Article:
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Koonce v. Union Pacific Railroad Co.

United States District Court, D. Minnesota

December 1, 2016

Elona Koonce, Plaintiff,
v.
Union Pacific Railroad Co., Defendant,

          Jason Hungerford, Esq., Matthew H. Morgan, Esq., Nicholas D. Thompson, Esq., and Nichols Kaster, PLLP, counsel for plaintiff.

          Daniel R. Mitchell, Esq., and David J. Koob, Esq., and Donna Law Firm, P.C., and Thomas A.P. Hayden, Esq. and Union Pacific Railroad Company Law Department, counsel for defendant.

          ORDER

          David S. Doty, Judge United States District Court

         This matter is before the court upon the parties' cross motions for summary judgment. After a review of the file, record, and proceedings herein, and for the following reasons, the court denies the motions.

         BACKGROUND

         This employment dispute arises out of plaintiff Elona Koonce's resignation from her position as a bridge tender for defendant Union Pacific Railroad Company (UP). UP hired Koonce on February 18, 2014. Koonce was responsible for opening and closing a swing bridge to allow river and rail traffic to pass as needed. Koonce trained with experienced bridge tenders for several weeks before UP placed her in the field. Koonce Dep. at 34:11- 36:23, 45:13-23. Although she had other options, Koonce ultimately chose to work the night shift - 12:00 a.m. to 8:00 a.m. - at Bridge 15 in St. Paul. Id. 42:12-43:20. She had no concerns about doing so, even though she understood she would be alone during her shift. Id. at 33:11-34:10.

         Bridge 15 is located in a secluded wooded area accessible by private road. Id. at 71:15-72:19. Koonce worked in a “bridge shack, ” located in the middle of the bridge. Id. at 45:24-46:4. The bridge shack contained the controls for the bridge, a CB radio, a laptop, a space heater, and a telephone. Id. at 46:5-47:2. The telephone worked only occasionally, and Koonce and the other bridge tenders often relied on their cell phones. Id. at 48:1-50:12. According to Koonce, UP was aware that the telephone was unreliable. Id. at 59:8-20. Mark Watlington, Koonce's supervisor, denies knowing that the telephone did not work properly. Watlington Dep. at 27:11-15.

         The handle lock on the door to the bridge shack broke soon after Koonce began working alone at night. Koonce Dep. at 52:15-24; Watlington Dep. at 28:8-9. Another employee reported the broken lock to UP. Koonce Dep. at 53:17-20. UP asserts that the bridge shack also had a deadbolt, which Koonce denies. Koonce Dep. at 47:11-16; Watlington Dep. at 28:3-9. The broken lock concerned Koonce given the bridge's isolation, her late hours, and the fact that transients frequent the area. Koonce Dep. at 63:7-15, 72:10-19.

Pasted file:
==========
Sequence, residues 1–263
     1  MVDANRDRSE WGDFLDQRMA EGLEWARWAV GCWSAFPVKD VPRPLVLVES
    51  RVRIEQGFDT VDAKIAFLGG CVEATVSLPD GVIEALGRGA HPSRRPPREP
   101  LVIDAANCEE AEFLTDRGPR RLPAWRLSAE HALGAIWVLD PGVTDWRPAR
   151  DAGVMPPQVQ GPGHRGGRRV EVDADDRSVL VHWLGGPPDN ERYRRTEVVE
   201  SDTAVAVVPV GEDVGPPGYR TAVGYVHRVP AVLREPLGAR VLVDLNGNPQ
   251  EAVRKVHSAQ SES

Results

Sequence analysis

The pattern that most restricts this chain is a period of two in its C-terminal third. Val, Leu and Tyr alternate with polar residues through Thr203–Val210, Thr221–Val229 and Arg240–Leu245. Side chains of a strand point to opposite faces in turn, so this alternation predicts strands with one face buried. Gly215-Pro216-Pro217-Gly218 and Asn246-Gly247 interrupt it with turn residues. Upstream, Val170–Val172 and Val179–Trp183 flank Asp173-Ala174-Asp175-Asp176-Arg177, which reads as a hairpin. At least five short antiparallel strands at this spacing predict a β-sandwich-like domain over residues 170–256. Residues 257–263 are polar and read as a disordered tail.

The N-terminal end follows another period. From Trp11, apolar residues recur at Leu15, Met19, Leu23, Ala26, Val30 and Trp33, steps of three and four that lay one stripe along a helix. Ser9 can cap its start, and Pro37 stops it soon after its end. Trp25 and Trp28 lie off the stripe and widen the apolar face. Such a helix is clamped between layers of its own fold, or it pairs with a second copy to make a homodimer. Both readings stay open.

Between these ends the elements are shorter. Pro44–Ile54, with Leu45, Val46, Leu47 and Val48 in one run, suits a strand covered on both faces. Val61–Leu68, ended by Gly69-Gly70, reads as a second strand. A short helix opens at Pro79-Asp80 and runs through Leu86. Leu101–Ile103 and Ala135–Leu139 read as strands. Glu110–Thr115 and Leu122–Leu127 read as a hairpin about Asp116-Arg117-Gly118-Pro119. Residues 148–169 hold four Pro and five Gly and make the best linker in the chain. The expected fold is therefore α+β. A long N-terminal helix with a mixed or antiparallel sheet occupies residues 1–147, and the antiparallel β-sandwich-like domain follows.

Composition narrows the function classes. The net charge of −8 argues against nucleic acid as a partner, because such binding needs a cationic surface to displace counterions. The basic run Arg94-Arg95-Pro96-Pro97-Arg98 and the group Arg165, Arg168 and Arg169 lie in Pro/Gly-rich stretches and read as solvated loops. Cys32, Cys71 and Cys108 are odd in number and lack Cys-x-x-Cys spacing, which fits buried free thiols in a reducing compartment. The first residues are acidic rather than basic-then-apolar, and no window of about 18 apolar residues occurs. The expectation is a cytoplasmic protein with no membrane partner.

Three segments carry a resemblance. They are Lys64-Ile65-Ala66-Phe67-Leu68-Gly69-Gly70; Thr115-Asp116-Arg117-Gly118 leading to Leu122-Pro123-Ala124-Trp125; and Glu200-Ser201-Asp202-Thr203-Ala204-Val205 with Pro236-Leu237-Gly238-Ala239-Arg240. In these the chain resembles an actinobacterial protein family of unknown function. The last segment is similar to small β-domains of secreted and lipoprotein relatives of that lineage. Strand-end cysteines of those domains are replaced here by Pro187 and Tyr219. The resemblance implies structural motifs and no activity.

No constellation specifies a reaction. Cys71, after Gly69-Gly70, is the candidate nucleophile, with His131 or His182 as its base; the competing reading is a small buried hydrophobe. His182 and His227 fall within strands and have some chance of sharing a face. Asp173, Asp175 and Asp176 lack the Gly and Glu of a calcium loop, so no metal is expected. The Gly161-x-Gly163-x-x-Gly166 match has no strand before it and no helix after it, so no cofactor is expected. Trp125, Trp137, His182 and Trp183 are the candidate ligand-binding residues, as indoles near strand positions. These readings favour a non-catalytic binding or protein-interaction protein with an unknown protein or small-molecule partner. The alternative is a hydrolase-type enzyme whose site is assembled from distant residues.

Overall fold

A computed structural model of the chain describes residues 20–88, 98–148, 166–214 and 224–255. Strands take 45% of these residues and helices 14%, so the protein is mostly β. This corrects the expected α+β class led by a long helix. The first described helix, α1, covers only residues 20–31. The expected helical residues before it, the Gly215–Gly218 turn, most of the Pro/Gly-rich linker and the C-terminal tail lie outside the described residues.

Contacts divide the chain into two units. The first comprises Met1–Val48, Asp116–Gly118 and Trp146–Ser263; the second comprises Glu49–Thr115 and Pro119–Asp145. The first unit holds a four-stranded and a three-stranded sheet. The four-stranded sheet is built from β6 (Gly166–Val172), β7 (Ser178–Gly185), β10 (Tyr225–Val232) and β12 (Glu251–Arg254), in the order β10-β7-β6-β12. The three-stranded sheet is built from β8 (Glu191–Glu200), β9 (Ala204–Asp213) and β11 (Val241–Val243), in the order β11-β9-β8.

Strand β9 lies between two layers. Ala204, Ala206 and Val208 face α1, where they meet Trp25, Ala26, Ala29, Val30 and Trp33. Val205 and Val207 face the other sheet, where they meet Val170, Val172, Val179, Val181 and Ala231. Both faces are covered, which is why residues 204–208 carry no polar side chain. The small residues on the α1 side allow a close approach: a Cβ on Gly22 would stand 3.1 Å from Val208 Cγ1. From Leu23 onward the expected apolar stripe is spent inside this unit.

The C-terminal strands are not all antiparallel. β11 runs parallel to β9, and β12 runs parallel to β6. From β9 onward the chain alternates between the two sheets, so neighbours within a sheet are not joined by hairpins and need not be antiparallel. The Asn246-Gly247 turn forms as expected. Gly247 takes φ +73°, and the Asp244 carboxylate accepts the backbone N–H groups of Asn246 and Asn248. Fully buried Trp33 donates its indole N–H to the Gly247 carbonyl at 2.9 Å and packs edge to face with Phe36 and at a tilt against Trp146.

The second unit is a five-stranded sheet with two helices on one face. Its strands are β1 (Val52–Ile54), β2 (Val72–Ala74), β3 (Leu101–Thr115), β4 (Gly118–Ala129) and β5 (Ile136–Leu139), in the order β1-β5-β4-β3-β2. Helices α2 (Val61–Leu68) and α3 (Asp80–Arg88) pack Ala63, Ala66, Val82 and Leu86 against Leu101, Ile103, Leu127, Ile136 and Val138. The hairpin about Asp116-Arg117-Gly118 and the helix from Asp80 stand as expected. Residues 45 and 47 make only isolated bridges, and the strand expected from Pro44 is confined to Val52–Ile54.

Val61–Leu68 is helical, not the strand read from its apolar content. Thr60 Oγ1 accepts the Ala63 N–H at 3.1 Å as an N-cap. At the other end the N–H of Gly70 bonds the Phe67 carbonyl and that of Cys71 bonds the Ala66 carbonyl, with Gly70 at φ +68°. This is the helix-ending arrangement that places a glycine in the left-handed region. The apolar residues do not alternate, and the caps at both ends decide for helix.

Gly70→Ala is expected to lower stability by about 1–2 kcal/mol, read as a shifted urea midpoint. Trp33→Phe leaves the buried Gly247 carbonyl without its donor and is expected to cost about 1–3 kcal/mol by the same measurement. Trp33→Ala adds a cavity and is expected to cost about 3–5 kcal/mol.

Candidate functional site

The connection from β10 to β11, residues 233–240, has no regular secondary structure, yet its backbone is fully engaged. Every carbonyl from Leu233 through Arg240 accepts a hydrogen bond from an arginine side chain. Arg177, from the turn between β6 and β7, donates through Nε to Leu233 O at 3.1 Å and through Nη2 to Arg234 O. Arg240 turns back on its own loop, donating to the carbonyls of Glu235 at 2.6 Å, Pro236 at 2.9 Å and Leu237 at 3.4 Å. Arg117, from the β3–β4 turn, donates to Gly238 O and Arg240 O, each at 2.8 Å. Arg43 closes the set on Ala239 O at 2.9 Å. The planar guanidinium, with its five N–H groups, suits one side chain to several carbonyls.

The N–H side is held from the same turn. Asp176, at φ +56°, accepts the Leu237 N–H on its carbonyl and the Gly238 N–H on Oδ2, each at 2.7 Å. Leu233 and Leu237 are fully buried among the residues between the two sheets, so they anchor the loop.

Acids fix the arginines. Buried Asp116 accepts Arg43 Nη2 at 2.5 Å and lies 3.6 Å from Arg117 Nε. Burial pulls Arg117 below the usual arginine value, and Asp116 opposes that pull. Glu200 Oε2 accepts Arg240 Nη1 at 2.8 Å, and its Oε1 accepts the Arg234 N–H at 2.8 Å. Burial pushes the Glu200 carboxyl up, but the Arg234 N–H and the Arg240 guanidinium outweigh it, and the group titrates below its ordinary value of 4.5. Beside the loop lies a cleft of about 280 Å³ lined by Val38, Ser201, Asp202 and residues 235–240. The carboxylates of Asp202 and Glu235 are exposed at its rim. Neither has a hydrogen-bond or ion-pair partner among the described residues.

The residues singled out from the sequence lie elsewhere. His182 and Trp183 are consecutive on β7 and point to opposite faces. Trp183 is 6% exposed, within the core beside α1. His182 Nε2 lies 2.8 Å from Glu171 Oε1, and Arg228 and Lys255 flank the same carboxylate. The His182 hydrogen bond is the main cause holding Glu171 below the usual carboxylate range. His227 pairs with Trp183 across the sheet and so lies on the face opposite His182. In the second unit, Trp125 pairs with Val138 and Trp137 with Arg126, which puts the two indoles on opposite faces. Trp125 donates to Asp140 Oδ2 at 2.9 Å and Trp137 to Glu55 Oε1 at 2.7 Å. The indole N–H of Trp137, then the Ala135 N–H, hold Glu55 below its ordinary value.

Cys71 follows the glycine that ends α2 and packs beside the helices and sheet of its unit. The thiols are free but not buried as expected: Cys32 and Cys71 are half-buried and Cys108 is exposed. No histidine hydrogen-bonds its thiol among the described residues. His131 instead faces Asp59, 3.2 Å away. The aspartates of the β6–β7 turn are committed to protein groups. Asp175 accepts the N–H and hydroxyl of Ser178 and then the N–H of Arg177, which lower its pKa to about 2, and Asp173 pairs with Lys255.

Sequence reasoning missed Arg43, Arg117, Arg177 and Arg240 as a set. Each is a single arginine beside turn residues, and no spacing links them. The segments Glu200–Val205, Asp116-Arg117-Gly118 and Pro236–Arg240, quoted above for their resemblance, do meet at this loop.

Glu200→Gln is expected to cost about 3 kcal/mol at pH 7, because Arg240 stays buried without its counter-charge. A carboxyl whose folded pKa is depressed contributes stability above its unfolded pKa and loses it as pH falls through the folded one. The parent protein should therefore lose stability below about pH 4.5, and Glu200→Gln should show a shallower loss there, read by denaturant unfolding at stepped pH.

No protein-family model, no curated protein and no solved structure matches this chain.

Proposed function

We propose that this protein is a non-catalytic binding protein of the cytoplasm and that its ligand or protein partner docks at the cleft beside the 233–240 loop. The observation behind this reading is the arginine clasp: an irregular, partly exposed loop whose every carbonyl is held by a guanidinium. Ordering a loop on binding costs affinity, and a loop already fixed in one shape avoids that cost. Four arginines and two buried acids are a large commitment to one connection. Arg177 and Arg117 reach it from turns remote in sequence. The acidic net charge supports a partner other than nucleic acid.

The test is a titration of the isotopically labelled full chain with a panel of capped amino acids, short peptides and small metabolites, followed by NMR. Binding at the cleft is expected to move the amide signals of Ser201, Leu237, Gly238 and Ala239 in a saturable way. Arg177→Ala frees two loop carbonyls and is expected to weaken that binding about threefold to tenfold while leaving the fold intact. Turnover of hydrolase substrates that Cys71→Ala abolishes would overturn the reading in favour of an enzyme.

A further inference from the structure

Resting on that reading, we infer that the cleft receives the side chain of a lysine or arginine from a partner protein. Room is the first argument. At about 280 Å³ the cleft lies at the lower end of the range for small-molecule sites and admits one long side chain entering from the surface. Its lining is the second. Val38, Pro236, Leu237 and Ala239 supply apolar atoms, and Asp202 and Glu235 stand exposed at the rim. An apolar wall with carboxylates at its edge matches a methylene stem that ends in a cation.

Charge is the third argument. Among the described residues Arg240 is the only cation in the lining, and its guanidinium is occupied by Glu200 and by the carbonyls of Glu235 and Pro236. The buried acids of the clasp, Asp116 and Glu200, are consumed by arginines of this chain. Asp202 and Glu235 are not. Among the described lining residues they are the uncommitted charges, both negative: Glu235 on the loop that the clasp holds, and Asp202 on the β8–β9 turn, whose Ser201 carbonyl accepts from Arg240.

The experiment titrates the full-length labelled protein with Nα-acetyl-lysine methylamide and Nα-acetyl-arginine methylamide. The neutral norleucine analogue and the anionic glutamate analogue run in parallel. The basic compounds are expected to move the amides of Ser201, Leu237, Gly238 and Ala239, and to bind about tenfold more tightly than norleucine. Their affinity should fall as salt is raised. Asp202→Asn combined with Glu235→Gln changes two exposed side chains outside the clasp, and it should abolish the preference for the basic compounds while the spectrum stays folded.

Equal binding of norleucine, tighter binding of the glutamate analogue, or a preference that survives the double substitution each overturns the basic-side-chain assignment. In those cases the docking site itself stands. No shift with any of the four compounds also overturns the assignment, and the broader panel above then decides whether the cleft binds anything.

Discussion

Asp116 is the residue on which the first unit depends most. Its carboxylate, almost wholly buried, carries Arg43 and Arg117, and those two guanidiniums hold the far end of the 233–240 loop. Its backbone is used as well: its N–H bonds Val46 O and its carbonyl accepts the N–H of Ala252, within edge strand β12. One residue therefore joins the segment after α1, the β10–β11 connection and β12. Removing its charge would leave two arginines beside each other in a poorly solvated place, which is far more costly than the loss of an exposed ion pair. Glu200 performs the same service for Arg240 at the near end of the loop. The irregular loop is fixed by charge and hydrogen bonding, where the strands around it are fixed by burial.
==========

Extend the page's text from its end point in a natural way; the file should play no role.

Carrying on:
Soon after Koonce started working on her own at night, and while the lock was broken, two male employees from another railroad startled her by appearing at the bridge shack door without notice. Id. at 64:14-65:17. They asked to come into the bridge shack, but Koonce told them to go back to their train. Id. at 66:2-22. The next morning, Koonce told Watlington about the incident and requested a new lock on the door. Id. at 68:14-69:2. According to Koonce, Watlington told her he would take care of it. Id. at 68:3-5. Watlington testified that he had the lock fixed soon after he learned it was broken, but he does not recall when that occurred. Watlington Dep. at 28:3-24.

         The following night, a man drove to the bridge, got out of his car, and stared at the bridge shack. Koonce Dep. at 76:14-77:5. Koonce was concerned that he would walk onto the bridge, so she opened the bridge to prevent him from doing so. Id. at 77:7-18. Koonce knew that she would need to close the bridge eventually to allow a train to cross, however. Id. at 80:2-24. After she opened the bridge, the man screamed and swore at her. Id. at 77:19-23. The phone in the bridge shack was not working, so Koonce called the police from her cell phone. Id. at 77:23-25. Due to confusion over whether St. Paul or Mendota Heights had jurisdiction over the bridge shack, the police were never dispatched. Id. at 78:4-14. In the meantime, the man had gotten back in his car and pulled into the weeds next to the road. Id. at 78:18-24. Koonce then called her husband who came to the bridge and stayed there until the end of her shift. Id. at 78:15-79:7.

         After her shift, Koonce reported the incident to Watlington. She again requested a new lock on the door and told him that she would not return to work until the new lock was in place or UP assigned her to another bridge. Id. at 83:16-85:10. Koonce told Watlington that a more senior male bridge tender, who also worked the night shift, offered to switch bridge assignments with her. Id. at 85:12-21; Watlington Dep. at 52:7-24. Watlington refused to allow the switch, however, and instead told Koonce that her option was to switch shifts with another female, who was then on the day shift, or to resign. Koonce Dep. at 86:25-87:12; Watlington Dep. at 31:19-32:11. Believing that the bridge was unsafe for any female employee given recent events, Koonce felt she had no choice but to resign.[1] Koonce Dep. at 87:6-12; Mitchell Decl. Ex. B at 1.

         Koonce later filed a union grievance seeking reinstatement without success. Martindale Dep. at 15:12-16:12; Watlington Dep. at 74:18-24. Koonce then filed a complaint against UP with the Occupational Safety and Health Administration, but later elected to proceed in federal court pursuant to 49 U.S.C. § 20109(d)(3). Compl. ¶¶ 27-28. On June 11, 2015, Koonce filed the instant suit against Union Pacific, alleging retaliation in violation of the Federal Rail Safety Act (FRSA). Both parties now move for summary judgment.

         DISCUSSION

         I. ...


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